health behavior

Evaluating mHealth Adoption Barriers: Human Behavior

Posted by EKStallings on Nov 08, 2011
Evaluating mHealth Adoption Barriers: Human Behavior data sheet 776 Views
Jones, Tim, Stephen Johnston, Fonny Schenck, Juliet Bedford,
Publication Date: 
Jan 2011
Publication Type: 
Report/White paper

The Vodafone Health Debate series is part of our continuing commitment to thought leadership in healthcare. It brings together senior pharma, public and private health stakeholders to learn, share and debate on issues and new thinking brought forward by renowned thought leaders and industry experts. Our aim is to provide some evidence- based stimulus that will encourage all those working in the different areas of healthcare to consider the innovation opportunities that are now available to them.


We believe that real progress can only be initiated when all stakeholders look beyond traditional horizons and share ideas that challenge the status quo so that together we can identify new ways of addressing current issues. Regulatory complexity, financial constraints, entrenched infrastructures and poor investment in technology combined with a lack of understanding by technology providers has meant that digital innovation in healthcare has been slow to take hold.


However, given changing healthcare needs of an increasingly aging population and the challenges presented by the current economic crisis, there is renewed interest in the potential of mHealth and Internet solutions to help reduce costs, increase efficiencies and effectiveness. This paper explores the practical reasons behind the slower than expected adoption of digital health technologies and discusses experiences from other sectors that could potentially help create wide scale adoption.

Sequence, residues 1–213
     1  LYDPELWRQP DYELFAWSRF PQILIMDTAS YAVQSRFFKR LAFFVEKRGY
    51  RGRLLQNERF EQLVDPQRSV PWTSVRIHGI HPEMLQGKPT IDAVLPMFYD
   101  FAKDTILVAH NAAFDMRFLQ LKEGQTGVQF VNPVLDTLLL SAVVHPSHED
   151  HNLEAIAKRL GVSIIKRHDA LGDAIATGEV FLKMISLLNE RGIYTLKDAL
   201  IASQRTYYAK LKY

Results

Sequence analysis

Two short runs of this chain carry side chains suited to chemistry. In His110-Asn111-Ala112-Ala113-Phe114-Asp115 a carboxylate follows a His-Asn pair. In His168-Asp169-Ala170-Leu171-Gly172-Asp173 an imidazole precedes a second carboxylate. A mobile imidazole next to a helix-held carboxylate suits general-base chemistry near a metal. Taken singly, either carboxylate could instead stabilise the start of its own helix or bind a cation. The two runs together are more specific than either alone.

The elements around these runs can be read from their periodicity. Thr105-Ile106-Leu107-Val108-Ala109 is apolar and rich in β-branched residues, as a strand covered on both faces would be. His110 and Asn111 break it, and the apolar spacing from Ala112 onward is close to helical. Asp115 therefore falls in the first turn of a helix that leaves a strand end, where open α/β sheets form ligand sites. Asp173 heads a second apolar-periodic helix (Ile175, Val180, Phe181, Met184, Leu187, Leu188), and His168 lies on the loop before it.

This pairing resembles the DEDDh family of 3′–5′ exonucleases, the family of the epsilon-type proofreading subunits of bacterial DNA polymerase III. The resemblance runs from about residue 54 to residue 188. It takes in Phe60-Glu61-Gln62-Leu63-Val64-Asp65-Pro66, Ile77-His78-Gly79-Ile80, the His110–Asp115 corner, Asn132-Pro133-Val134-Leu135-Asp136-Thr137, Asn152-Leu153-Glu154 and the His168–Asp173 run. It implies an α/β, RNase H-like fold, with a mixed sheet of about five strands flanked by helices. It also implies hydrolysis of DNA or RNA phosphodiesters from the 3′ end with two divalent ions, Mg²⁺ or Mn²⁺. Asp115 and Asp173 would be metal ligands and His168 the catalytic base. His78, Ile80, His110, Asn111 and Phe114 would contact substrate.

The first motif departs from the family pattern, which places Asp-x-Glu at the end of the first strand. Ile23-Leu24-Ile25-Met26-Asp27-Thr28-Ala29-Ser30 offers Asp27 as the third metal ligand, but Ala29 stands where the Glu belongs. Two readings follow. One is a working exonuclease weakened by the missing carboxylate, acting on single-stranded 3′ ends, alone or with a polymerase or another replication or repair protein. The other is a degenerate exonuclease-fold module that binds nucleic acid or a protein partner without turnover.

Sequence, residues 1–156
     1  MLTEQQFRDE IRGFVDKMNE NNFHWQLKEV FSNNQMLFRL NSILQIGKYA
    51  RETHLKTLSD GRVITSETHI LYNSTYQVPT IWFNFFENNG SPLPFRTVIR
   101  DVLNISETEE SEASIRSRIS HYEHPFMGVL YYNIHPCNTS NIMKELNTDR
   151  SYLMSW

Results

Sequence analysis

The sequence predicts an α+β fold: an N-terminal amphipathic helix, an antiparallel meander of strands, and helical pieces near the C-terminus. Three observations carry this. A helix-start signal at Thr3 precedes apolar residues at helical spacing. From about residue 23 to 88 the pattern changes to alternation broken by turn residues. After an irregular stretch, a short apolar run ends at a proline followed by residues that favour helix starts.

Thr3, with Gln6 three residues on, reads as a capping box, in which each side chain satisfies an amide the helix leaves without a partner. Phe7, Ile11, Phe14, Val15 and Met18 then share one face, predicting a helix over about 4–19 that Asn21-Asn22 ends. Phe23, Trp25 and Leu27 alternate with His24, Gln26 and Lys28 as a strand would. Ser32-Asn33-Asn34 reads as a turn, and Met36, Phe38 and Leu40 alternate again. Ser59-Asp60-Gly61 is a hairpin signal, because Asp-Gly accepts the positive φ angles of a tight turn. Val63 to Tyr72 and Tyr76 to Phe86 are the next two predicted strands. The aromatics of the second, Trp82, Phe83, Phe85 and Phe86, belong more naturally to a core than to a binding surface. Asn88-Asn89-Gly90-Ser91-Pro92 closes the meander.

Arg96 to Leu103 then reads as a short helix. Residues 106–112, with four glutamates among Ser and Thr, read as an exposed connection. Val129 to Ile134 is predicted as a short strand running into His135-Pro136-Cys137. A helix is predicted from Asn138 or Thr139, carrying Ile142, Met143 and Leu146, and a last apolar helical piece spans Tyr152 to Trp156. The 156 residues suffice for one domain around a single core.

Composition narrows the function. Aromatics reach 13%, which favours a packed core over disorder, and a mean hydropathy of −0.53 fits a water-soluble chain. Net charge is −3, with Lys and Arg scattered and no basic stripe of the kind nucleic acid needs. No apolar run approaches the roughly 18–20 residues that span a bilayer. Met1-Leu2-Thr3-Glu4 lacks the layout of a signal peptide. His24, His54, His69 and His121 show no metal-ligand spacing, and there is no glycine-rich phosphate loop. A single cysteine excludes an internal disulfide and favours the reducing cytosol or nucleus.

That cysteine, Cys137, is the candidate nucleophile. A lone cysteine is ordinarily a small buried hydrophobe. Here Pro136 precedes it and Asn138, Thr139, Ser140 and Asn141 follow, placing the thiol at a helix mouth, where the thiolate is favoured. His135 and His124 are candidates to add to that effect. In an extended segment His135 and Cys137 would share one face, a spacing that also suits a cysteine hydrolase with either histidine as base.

Participant and Interviewer Attitudes toward Handheld Computers in the Context of HIV/AIDS Programs in Sub- Saharan Africa

Posted by MohiniBhavsar on Aug 23, 2010
Participant and Interviewer Attitudes toward Handheld Computers in the Context of HIV/AIDS Programs in Sub- Saharan Africa data sheet 1827 Views
Karen G. Cheng, Francisco Ernesto and Khai N. Truong
Publication Date: 
Apr 2008
Publication Type: 
Journal article

Handheld computers have untapped potential to improve HIV/AIDS programs in sub-Saharan Africa, particularly in the collection of survey data. We conducted an experiment in three neighborhoods of Luanda, Angola to assess the impact of the technology on people’s comfort and willingness to disclose sensitive personal information, such as sexual behavior.

Participants were asked about their HIV/AIDSrelated knowledge, attitudes, and practices by local interviewers using either handheld computers or paper surveys. T-tests showed no differences between participants’ self-reported comfort across handheld and paper conditions. However, participants in the handheld condition were more likely to give socially desirable responses to the sexual behavior questions than participants in the paper condition. These results suggest that using handheld computers in data collection in sub-Saharan Africa may lead to biased reports of HIV/AIDS-related risk behaviors.